血の空 / Skies of Blood

Japanese
『十二の遠景』の表紙
高橋睦郎著
横尾忠則装丁

夕焼けのいろ、あれは何と言えばいいのか。根から朱、赤、(くれない)を通って紫まで、微妙に移り変り、果ては夜空の深藍に吸われて失せてしまう変幻自在のそのいろを、私は何よりも血のいろと呼びたい。

むろん、こどもたちにとって、夕焼けはまず賑やかな饗宴である。夕焼け空の下で、こどもたちは蝙蝠(こうもり)を追い、石を蹴り、歌をうたって走りまわる。まるで、空の血管にあふれたよろこばしい血に、こどもたちの血管の感じやすい血が感染して、こどもたちを浮き浮きさせるかのようだ。

しかし、饗宴のよろこばしい血は、同時におそろしい暴虐の血でもある。そして、こどもたちの無防備の肉と魂は、饗宴のよろこばしさに対して全的に開かれていると同時に、暴虐のおそろしさに対してもまったくさらされているのだ。夕焼けこそ幼年時代の空と言い、夕焼け空を指して血の空と言ったのは、この意味なのだ。

幼い私は空の表面にみなぎり集まる血にさらされて、母のことを考えていた。私か祖母の家や他人の家を転転としていた母の不在の期間だけではない。母が帰ってきてからも、私の考えていたのは母のことだった。母の不在のあいだじゅう、祖母や叔母や他人の大人たちの暴力にさらされて、私は優しい母のことを考えた。しかし、帰ってきた母は私の待っていた優しさであるよりも、いまひとつの新しい暴力だった。その暴力は母の奥深い血によって駆り立てられるものだけに、母じしんにもどう圧えようもないものだった。母という名のあらたな暴力にさらされつつ、私は母を、つまりは永遠の優しさを恋いつづけなければならなかったのである。

母が私を連れて門鉄の保線分区長に再嫁し、わすか半年ののちに離婚したつきの初夏だから、あれは私か中学に入ってまもなくのことだろう。その日は門司の港まつりだった。私たち母子は、離婚した義父と、門司のはずれの渡津海大神(わたつみのおおかみ)をまつる和布刈(めかり)神社に遊びに行った。

母と義父だった人の離婚の原因は、私と先方のこどもたちとの不仲だった。お互いに喧嘩別れしたわけでもなかったので、義父だった人は週に一日、二日と、私たちの新居を訪れた。時には、門司港や下関まで連れ出してくれることもあった。

送ってきてくれた義父か帰って、私たちは早目の夕食の膳を挾んでいた。上り据の突当りの板壁を通して、酒くさい唄が流れて来た。

眉毛(まひげ)の殿様
(めかけ)を連れて
花見に()たら
方々(ほうぼ)の人が
ロ々言うて……

唄は、眉、目、鼻、頬、口……と、指し示す右の栂指を移動させてうたう、あまり上品とは言えないはやし唄である。唄の主は明らかに、別れた男がかよってくる母の境涯をはやしているのだった。

ガラスの器を左手に、右手の箸でそうめんを口に運んでいる母のこめかみあたりが、ぴくぴくと動いた。母は音を立てて箸を茶袱台の上に置くと、声にむかって身構えた。

「このドブ亀、もういっぺんうとうて見い!」

母にドブ亀と呼ばれた声の主は、私だちか身を寄せていた安普請の小屋の、粗板壁ひとつで区切られた隣部屋に住んでいた亀次という、酒好きの日雇人夫だった。

亀次の家族は女房の富子と二歳になる伜の鉄次から成っていた。この三人か三畳の部屋に、ほとんど家具らしい家具もなく寝起きしていた。日ごろの亀次はむしろ大人しすぎるほど大人しく、朝など、私だちと出会うと、弁当を腰にこそこそといなくなった。その亀次が給料をもらうと、そのほとんどを酒に変えて飲んでしまい、飲むと女房を蹴り、伜をなぐった。その余波がこんどは私たちを襲ったのだ。

「妾も言うたんが気に入らんそか。何べんでもうとうてやるどォ」

声がして、ステテコ一枚の亀次が、つっかけ下駄でよたよた歩いてきた。母は激昂した。

「妾、妾、ぬかしやがって。いつ妾した」

「妾や。妾や。妾やねえか。何ぼでんが言うてやるど。妾。妾。めかけェ」

憎憎しげに突き出した亀次の顔と母の顔との距離は、五センチとはなかった。焼酎くさい息を吹きかける亀次の頬桁に、母は「西東(にしひがし)」平手打ちを食わせた。

こんどは亀次か激怒する番だった。

「こん女郎(めろ)が!」

と言うと、亀次は下駄のまま一間きりの私たちの部屋に上り込み、母の髪毛をつかんで、板に茣蓙を敷いただけの床の上を引きずりまわした。「放せ、ええ、放しやがれ」と叫びながら、母の叫びは湧きあがる血のあぶくにむせているようだった。

母の血の叫びに感応して、私の中ですべての血がはげしく泡立った。私は自分のあらゆる血管の枝道か、夕焼けのように燃えあがるのを感じた。私は茶袱台の上の食べものの器を取ると、手当り次第、亀次に投げつけた。

亀次の頭からそうめんが垂れ、水が垂れ、亀次の脛からは血が噴き出した。亀次は母の髪を放しで、私に躍りかかってきた。私は裸足で土間へ跳び降り、開いていた戸口から夕焼けの中へ逃げ出した。

私は隣の自江さんと山根さんの間を抜け、堀本さんと木元さんの前を走り、石丸さんと江口さんのあいだを駆けた。走りながらふり返った私は、これも裸足の亀次か(よき)をふり上げて、すぐうしろを追っかけてくるのを、見てとった。

路には人が満ち、家家の窓も、この血なまぐさい鬼ごっこを見る人で鈴なりだった。その窓も、窓から覗く人の顔も、私と亀次の(あしのうら)が踏む土も、そして空気も、夕焼けの反映で悲劇的な(くれない)に沈んでいた。

紅の重い空気のむこうで、富子か黄色い声で叫んでいた。

「睦ちゃああん、逃げてええ」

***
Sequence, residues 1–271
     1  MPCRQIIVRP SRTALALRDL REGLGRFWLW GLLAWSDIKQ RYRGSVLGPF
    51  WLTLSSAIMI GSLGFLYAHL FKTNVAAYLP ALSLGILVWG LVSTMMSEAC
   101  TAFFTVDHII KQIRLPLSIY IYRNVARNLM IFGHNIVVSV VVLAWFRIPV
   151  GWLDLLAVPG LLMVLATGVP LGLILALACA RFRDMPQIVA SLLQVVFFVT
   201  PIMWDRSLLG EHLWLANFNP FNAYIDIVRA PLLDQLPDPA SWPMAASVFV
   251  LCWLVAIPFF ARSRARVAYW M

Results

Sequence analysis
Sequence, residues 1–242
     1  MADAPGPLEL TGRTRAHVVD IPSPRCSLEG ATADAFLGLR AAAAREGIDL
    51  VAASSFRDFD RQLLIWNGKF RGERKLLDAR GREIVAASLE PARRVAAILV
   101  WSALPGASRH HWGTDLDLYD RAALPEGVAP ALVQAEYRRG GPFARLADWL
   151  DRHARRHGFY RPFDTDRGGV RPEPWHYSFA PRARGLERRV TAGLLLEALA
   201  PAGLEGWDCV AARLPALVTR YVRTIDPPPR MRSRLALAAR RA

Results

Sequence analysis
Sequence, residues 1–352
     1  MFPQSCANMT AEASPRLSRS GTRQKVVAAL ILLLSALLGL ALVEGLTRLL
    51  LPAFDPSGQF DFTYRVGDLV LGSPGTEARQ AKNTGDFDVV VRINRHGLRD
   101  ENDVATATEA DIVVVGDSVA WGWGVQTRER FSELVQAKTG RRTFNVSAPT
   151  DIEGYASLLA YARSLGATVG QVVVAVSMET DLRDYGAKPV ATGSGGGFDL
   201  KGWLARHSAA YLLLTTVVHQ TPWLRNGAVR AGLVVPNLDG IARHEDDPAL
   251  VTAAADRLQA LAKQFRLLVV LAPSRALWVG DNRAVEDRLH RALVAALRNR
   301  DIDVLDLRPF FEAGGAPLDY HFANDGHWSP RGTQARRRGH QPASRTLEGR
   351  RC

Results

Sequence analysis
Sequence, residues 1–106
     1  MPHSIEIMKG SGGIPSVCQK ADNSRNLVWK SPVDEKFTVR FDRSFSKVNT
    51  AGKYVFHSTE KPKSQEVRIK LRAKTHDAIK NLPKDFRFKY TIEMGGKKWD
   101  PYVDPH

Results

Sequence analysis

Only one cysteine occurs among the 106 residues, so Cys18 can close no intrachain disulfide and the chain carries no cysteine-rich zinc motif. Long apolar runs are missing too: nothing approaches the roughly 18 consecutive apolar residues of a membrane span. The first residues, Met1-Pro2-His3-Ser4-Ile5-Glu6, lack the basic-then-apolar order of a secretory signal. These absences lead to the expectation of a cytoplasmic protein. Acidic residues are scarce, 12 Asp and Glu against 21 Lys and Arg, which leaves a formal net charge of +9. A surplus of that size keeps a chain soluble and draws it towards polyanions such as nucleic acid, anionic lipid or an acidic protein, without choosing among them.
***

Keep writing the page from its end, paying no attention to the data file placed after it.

天と地の美しい夕焼けの中で、私と亀次は死の追っかけっこを遊んでいるのだと、私は頭のどこかで考えていた。

私はほとんど脳天を割られる寸前だった。(よき)は私の真上にあった。突然、私の前に奇蹟のように、広田さんの畑が、そして、畑の中の小径かあらわれた。私はその小径の中に逃げ込んだ。

しばらく行ってふり返ると、小径の入口のあたりに、斧を持った片手をだらんと垂らした亀次が立っていた。もう()(たれ)の時か半分とりこめたかれの顔は、妙に悲しげに見えた。

家主の白江さんか迎えに来て、私は白江さんの玄関にかくまわれた。夜おそく、母が迎えに来た。母は目の下から頬にかけて、紫いろの大きな痣をつくっていた。足音を殺して家に入ると、板壁のむこうから苦しげないびきが聞えていた。

その夜、母は黙っていた。けれども、母が私の「雄雄しい」行為に満足していたことは、その日から母が私に対って暴力を振わなくなったことにおいて、明らかである。母は、私か母を守るために暴力を振うのを見たとき、私にいままでの弱弱しい男の子ではなく、まだ完全とは言えないか、しかし、まぎれもないひとりの男を見たのだろう。

『十二の遠景』より(1970)

English
Twelve Views from the Distance
BY Mutsuo Takahashi
PHOTOMONTAGE BY Tadanori Yokoo

The colors of the sunset — how can I describe them? The sunset started with orange, then moved through a spectrum of colors — vermillion, red, scarlet, then purple — until they were swallowed up in the dark indigo of the night sky. As the colors went through these transformations, they reminded me of many shades of blood. Like blood — that is how I think of them.

For children, sunsets are first and foremost lively celebrations of fun. Children run about beneath the blazing skies of sunset, chasing bats, kicking bits of gravel, and singing songs. It is as if the joyously flowing blood filling the veins of the sky excites the blood in the veins of the children below and fills them with vigor.

However, the joyous blood of celebration can also be terrifying and cruel as well. Children’s bodies and minds are open to a joyous banquet of pleasures, but they are also exposed and vulnerable. That is what I mean when I say that sunsets are the most fitting skies for my childhood memories, and that the sunsets over the memories of my youth are skies of blood.

As a little boy, whenever I saw the blood swelling and congealing on the surface of the sky, I thought of Mother. I am not just talking about the time during her absence when I lived with Grandmother or when I was being passed from one household to another. Even after my mother had returned, I continued to see sunsets and think about her. She was often away, and every time she left, I was exposed to the violence of my Grandmother, my aunt, and other adults. Meanwhile, that would just make me miss my kind and gentle mother the whole time. When she returned for good, however, I did not find the kindness I had been waiting for. Instead, what confronted me was a new kind of aggression. The violence that she displayed toward me was something that ran deep in her veins and that even she could not control once it had been aroused. This time, when I encountered violence in my own mother, it only made me yearn all the more for what I believed motherhood should be — eternal kindness.

I moved with Mother when she remarried a man who was in charge of track maintenance and divisions at the Moji Railroad, but she divorced him only half a year later. At the beginning of the following summer, I was in middle school. The following memory dates from about that time, I believe. It takes place on the day of the festival at the port of Moji. Mother and I had gone with my former stepfather, the same man she had just divorced, to have some fun at Wakari Shrine, which is dedicated to the deity Watatsumi-no-ōkami and is located at the edge of Moji.

The reason Mother and my former stepfather had decided to get divorced was not because of a fight. It was because his children and I did not get along. In fact, my parents and former stepfather seemed to still like one another. He would still come over to our new house once or twice a week. Sometimes, he would even take us to the port or across the straits to Shimonoseki.

After he had seen us back to our apartment after the shrine, my former stepfather left and went back to his own home. Mother and I decided to have dinner right away. We were holding our food on our trays when we heard the refrains of the following song through the wooden wall that separated our rooms from the front entrance to the building. The song itself seemed to reek of alcohol.